- Is the contract or agreement controlled by a foreign country’s law? If so, Article 79 of the United Nations Convention on Contracts for the International Sale of Goods may apply. Pursuant to Article 79, if the failure to perform was due to an impediment beyond his control and that he could not reasonably be expected to have taken the impediment into account at the time of the conclusion of the contract or to have avoided or overcome it or its consequence, performance may be excused.
- Lastly, consider other legal excuses for nonperformance that may apply. For instance, impossibility or impracticality of performance and frustration of purpose may provide other avenues to excuse performance under the contract in light of Coronavirus.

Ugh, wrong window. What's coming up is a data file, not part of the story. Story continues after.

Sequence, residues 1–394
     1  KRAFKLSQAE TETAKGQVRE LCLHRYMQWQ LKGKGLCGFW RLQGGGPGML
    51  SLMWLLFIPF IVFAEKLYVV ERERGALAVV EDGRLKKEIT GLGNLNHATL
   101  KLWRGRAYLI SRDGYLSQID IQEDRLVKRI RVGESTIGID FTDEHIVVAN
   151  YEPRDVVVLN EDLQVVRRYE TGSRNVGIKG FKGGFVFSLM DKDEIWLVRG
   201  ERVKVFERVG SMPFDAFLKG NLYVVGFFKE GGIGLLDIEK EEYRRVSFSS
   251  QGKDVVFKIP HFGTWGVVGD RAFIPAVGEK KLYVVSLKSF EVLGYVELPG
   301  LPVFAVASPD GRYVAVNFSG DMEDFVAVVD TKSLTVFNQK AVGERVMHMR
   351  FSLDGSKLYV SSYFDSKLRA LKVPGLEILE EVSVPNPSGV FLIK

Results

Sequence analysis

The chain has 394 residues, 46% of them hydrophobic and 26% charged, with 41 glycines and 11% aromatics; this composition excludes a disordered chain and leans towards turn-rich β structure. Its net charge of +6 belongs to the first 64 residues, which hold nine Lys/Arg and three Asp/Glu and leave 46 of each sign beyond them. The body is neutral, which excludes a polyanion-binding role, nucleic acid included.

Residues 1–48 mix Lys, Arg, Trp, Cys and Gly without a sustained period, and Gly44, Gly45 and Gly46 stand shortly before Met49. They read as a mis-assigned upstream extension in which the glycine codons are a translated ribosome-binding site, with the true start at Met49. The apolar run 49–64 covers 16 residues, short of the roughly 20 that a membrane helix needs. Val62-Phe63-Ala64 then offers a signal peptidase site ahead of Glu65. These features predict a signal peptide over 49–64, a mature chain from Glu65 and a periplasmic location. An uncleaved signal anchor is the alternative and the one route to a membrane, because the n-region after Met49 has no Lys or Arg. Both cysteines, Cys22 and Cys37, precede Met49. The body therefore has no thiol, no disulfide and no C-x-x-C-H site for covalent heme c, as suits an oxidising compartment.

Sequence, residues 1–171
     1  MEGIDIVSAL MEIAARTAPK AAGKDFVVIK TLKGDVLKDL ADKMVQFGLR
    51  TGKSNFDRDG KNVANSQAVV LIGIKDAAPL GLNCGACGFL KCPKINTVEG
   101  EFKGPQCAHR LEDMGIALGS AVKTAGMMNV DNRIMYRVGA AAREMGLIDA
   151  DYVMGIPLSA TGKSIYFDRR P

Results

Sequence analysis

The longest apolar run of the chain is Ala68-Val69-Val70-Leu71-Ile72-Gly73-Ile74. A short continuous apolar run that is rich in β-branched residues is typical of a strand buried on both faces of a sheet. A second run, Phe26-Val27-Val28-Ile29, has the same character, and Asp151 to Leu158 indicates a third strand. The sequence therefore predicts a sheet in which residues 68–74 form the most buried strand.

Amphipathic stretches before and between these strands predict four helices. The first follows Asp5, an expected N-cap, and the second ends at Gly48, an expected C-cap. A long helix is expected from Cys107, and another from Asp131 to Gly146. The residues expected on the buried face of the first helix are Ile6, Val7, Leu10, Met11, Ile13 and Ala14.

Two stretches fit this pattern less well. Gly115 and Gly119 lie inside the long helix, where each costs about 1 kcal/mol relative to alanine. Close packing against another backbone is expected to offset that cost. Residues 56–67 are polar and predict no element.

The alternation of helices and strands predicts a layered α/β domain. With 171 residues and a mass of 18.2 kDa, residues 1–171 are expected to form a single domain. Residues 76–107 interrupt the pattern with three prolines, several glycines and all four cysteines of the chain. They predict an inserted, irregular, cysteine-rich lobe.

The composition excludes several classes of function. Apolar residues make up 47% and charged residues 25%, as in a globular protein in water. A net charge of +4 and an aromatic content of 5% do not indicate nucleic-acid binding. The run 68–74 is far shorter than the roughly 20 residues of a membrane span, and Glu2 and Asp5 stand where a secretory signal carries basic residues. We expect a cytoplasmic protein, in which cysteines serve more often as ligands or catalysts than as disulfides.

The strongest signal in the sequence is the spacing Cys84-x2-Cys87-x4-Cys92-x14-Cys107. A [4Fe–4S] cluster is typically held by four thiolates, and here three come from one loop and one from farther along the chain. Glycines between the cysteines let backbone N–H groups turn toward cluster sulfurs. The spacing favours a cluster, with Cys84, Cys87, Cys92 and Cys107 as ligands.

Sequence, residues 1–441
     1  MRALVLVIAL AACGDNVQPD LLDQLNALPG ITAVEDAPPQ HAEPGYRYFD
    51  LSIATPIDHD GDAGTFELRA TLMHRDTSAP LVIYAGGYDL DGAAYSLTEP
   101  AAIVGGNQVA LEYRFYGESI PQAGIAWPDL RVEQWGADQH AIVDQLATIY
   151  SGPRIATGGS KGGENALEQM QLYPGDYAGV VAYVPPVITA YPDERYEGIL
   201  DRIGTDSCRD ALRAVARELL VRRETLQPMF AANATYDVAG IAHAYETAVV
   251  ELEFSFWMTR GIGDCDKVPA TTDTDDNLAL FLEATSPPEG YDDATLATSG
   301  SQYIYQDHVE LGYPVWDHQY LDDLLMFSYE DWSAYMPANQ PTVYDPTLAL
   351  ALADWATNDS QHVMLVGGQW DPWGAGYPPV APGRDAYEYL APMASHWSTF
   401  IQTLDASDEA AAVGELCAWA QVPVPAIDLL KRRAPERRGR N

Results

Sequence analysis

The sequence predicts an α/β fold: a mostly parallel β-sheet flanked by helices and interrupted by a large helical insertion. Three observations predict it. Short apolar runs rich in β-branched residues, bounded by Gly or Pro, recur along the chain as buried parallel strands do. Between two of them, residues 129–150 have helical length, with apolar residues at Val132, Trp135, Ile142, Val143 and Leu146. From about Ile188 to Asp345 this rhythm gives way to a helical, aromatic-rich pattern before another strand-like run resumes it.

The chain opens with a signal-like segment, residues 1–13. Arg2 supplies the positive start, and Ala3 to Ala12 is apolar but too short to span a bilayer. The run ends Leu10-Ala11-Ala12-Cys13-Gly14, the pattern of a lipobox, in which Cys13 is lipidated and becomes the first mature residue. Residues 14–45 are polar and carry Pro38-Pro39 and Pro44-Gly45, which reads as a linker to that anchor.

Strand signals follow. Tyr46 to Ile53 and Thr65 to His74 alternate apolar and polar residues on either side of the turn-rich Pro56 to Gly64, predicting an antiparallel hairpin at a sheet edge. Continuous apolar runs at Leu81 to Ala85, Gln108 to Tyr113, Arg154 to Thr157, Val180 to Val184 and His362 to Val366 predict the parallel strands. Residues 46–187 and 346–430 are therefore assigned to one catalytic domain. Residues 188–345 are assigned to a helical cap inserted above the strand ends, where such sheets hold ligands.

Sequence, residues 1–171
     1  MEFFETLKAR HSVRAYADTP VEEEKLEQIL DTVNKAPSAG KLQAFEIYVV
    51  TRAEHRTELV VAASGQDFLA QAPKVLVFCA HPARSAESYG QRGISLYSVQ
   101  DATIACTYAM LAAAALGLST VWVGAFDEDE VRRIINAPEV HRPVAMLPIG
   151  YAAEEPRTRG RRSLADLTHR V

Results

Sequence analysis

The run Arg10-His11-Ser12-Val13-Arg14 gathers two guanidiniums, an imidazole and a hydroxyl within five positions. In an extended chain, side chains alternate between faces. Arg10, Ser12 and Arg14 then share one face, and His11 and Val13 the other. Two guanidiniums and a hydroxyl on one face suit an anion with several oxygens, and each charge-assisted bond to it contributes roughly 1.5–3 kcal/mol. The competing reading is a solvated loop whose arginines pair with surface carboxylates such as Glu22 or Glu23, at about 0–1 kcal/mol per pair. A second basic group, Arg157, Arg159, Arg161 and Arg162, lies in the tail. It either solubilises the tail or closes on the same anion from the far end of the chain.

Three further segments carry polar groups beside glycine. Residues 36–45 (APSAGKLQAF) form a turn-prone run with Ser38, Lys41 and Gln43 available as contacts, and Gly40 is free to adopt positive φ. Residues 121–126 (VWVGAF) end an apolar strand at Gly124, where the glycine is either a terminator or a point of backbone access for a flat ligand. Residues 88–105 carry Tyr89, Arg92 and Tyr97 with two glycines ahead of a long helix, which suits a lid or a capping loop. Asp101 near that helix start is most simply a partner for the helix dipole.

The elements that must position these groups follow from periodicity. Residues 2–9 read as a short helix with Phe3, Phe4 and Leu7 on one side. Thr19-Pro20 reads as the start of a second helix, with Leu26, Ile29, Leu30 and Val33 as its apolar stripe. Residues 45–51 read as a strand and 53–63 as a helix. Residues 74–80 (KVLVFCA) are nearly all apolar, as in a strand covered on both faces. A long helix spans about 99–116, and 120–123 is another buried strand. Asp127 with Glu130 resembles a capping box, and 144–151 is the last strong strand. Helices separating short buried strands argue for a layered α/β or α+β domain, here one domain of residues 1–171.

While the above points create a starting block for addressing force majeure clauses in the midst and aftermath of Coronavirus, each contract or agreement, and the underlying facts for each case will differ. These individual facts will drive the outcome for whether you properly invoke the protection afforded by a force majeure clause (or other legal excuse for nonperformance) or whether you are breaching the agreement.
This COVID-19 Legal Update is intended to keep readers current on developments in the law. It is not intended to be legal advice. If you have any questions, please contact authors Ray F. Middleman at 412.566.6054 or email@example.com, Alison R. Viola at (412) 566-2148 or firstname.lastname@example.org, or any other attorney at Eckert Seamans with whom you have been working.